By accident, I stumbled across an article about stereotypes (regarding immigration and work, but whateve') and it errily fits this situation somehow.
 "As Chimamanda Ngozi Adichie once pointed out, the problem with stereotypes isn’t that they’re untrue; it’s that they are incomplete. If you go to Mexico, you can find a guy in a sombrero playing mariachi music. He does exist. But he can’t represent all of Mexico."
Yeah, you will have the stereotypical fat person who is sooooo fat that they cannot move by themselves or even get out of bed. But no matter how you cut it, that person can't represent all of the fat people. Hey, isn't that just like the saying about how no one pagan can represent the whole? Hmmm.


  1. Dave had medical issues unrelated to weight that contributed to his heart attack. Dave had also lost a significant amount of weight over the past few years.

    Quite frankly, if I have one more thin person write about the obesity "epidemic" in Paganism, I will scream.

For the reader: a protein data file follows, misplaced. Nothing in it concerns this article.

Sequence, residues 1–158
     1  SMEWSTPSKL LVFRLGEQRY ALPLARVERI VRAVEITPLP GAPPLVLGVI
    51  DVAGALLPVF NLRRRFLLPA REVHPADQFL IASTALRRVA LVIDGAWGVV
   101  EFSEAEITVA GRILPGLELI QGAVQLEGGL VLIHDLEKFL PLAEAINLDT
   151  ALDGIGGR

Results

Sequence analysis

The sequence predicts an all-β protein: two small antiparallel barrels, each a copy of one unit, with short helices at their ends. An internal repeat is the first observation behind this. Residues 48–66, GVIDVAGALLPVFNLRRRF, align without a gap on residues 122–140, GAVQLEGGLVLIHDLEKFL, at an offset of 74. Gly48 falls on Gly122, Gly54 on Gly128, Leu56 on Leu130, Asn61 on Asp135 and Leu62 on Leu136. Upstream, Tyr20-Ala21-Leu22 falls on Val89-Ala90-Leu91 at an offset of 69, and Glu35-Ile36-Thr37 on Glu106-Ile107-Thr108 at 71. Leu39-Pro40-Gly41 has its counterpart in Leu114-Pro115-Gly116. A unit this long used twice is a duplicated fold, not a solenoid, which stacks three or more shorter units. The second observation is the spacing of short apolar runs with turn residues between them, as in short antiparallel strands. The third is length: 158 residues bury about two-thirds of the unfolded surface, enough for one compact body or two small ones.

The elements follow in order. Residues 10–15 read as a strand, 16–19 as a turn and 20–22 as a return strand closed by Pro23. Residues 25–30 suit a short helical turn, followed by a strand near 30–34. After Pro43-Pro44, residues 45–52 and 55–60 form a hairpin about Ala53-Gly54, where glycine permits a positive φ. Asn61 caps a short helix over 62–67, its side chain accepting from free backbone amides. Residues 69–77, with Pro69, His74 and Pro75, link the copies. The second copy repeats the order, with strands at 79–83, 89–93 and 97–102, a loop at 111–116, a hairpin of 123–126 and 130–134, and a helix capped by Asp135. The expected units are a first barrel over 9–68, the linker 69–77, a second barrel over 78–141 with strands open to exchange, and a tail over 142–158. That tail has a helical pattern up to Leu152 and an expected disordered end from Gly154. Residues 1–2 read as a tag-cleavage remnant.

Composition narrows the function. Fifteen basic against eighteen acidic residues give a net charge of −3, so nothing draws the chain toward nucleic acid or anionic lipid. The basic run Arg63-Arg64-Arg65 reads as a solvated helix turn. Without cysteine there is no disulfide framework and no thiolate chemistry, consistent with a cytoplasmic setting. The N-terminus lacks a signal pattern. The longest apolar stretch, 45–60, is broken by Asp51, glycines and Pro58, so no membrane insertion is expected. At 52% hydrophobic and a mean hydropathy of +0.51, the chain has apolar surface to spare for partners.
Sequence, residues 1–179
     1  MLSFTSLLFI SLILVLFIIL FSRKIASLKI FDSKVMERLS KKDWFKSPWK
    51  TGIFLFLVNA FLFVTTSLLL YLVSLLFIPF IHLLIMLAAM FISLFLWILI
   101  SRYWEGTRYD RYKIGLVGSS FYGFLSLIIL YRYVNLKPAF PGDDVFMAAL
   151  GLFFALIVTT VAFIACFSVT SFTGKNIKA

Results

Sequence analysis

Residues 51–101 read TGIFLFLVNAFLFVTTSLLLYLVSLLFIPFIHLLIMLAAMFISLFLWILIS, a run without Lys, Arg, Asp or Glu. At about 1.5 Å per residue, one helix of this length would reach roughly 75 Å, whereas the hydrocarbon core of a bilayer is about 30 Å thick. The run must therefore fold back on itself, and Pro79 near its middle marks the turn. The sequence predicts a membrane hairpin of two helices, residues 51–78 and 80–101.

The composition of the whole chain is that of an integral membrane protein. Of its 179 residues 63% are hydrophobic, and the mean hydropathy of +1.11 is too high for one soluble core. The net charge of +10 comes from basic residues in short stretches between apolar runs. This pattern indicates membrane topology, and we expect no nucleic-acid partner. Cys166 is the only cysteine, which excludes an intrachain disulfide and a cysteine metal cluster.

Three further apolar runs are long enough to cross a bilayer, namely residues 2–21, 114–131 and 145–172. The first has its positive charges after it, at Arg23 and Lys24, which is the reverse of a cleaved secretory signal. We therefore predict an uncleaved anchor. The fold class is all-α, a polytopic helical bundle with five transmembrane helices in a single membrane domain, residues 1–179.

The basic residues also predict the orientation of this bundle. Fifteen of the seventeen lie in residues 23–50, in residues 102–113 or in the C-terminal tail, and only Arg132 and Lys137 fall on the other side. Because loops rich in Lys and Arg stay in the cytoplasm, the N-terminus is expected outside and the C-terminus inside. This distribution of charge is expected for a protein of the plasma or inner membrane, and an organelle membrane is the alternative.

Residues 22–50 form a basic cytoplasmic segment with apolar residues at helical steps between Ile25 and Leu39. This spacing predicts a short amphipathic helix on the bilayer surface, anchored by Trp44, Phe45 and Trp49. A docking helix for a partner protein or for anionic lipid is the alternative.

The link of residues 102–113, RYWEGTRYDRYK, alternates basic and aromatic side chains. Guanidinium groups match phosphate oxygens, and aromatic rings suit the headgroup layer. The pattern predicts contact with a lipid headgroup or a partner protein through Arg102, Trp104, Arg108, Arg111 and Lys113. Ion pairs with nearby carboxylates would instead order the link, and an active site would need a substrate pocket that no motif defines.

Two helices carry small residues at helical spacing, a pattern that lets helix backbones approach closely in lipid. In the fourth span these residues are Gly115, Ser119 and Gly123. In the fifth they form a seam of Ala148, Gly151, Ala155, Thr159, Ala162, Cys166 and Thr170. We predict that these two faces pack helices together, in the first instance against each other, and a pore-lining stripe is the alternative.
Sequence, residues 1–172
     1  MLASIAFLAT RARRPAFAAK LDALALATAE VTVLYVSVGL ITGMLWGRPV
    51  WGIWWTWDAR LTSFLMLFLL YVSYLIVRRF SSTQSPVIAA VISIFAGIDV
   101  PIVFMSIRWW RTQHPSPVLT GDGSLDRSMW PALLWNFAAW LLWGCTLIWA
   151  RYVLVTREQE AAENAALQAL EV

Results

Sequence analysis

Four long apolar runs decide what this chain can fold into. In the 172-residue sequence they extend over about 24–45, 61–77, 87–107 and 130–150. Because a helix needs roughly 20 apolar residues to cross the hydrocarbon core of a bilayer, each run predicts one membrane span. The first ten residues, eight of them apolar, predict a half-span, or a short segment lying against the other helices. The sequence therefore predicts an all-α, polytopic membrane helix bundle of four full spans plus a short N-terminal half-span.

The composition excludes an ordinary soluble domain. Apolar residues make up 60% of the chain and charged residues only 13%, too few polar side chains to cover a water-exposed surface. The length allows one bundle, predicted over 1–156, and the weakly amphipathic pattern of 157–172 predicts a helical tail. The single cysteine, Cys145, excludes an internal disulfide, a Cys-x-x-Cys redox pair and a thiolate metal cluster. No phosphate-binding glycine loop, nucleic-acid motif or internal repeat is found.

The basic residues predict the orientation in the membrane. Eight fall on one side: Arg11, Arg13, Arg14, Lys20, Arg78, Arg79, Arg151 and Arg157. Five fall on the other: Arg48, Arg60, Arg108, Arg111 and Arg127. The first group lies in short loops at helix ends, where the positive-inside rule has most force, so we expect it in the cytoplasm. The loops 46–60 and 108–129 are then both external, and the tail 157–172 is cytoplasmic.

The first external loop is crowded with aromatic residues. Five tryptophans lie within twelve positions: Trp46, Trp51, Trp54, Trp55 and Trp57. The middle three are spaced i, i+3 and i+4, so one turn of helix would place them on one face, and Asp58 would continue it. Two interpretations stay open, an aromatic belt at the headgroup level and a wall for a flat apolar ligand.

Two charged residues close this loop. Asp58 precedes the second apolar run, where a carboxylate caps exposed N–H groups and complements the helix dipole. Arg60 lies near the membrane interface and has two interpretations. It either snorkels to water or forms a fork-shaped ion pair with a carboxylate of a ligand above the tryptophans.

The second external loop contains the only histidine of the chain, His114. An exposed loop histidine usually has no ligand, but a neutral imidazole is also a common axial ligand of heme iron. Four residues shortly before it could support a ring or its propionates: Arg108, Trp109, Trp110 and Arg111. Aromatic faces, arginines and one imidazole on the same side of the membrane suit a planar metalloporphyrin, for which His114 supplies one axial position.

1. This comment has been removed by a blog administrator.

    2. As a close friend of Dave's I am agreeing with Star. There were a lot of health complications that both caused his weight gain and weight loss that are, quite frankly, not any of the public's business. So no...his weight didn't have anything to do with his heart attack. Thank you, move along

  2. I'm so glad to see HAES proponents within the Pagan community responding to this! Fat and Not Afraid also covered it last night.

  3. Glad to see this blog. Valuable part of the discussion

  4. I'm an out Pagan and a plus-size fashion blogger. I've been seeing this anti-fat ignorant crap from people I personally know and otherwise respect, even before the loss of Mr. Grega. Thank you for speaking on this so eloquently.

    Also, you might want to add this tidbit: - the obesity paradox, where still-obese people have a 17% higher likelihood of surviving cardiac surgery.

  5. So glad you have brought up HAES. I've been mentioning it to people lately as an alternative to the body shaming that is so prevalent.